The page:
Spores of Clostridiales and Bacillales are encased in a complex series of concentric shells that provide protection, facilitate germination, and mediate interactions with the environment. Analysis of diverse spore-forming species by thin-section transmission electron microscopy reveals that the number and morphology of these encasing shells vary greatly. In some species, they appear to be composed of a small number of discrete layers. In other species, they can comprise multiple, morphologically complex layers. In addition, spore surfaces can possess elaborate appendages. For all their variability, there is a consistent architecture to the layers encasing the spore. A hallmark of all Clostridiales and Bacillales spores is the cortex, a layer made of peptidoglycan. In close association with the cortex, all species examined possess, at a minimum, a series of proteinaceous layers, called the coat. In some species, including Bacillus subtilis, only the coat is present. In other species, including Bacillus anthracis, an additional layer, called the exosporium, surrounds the coat. Our goals here are to review the present understanding of the structure, composition, assembly, and functions of the coat, primarily in the model organism B. subtilis, but also in the small but growing number of other spore-forming species where new data are showing that there is much to be learned beyond the relatively well-developed basis of knowledge in B. subtilis. To help summarize this large field and define future directions for research, we will focus on key findings in recent years.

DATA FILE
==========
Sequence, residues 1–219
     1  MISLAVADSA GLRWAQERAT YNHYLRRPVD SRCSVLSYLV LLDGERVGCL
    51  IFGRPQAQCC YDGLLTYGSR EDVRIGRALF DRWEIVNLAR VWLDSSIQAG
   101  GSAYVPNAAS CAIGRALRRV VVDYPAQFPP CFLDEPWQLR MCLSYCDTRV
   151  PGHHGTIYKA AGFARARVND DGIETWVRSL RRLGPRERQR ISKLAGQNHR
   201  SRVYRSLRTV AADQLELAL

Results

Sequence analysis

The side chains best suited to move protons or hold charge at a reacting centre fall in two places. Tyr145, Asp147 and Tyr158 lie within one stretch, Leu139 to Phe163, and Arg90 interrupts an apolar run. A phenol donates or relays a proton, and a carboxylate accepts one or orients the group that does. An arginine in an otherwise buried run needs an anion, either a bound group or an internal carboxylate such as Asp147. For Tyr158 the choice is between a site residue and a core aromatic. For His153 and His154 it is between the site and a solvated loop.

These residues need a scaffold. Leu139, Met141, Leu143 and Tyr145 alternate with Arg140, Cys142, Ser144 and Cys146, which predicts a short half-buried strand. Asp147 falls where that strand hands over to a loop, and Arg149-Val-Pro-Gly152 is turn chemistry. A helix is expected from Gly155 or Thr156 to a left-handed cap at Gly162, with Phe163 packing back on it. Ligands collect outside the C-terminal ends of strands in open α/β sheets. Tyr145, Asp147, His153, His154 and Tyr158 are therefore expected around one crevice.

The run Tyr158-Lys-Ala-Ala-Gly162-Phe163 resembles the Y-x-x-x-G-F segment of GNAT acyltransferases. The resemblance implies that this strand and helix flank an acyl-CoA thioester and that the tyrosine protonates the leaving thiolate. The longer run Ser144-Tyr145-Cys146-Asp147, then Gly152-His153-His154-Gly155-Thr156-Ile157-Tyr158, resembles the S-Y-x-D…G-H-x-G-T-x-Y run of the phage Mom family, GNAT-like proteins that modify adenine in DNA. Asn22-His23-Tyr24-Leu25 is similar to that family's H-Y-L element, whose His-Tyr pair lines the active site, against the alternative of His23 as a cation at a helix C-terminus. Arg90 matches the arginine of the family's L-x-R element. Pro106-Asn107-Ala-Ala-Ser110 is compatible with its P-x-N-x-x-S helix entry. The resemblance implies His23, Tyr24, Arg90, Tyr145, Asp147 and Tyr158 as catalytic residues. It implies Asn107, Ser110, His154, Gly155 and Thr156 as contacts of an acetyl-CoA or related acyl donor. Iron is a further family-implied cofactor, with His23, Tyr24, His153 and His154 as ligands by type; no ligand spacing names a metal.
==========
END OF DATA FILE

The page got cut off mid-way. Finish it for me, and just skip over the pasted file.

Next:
|Original language||English (US)|
|State||Published - Jan 1 2016|
ASJC Scopus subject areas
- Immunology and Microbiology(all)
- Microbiology (medical)
- Cell Biology
- Infectious Diseases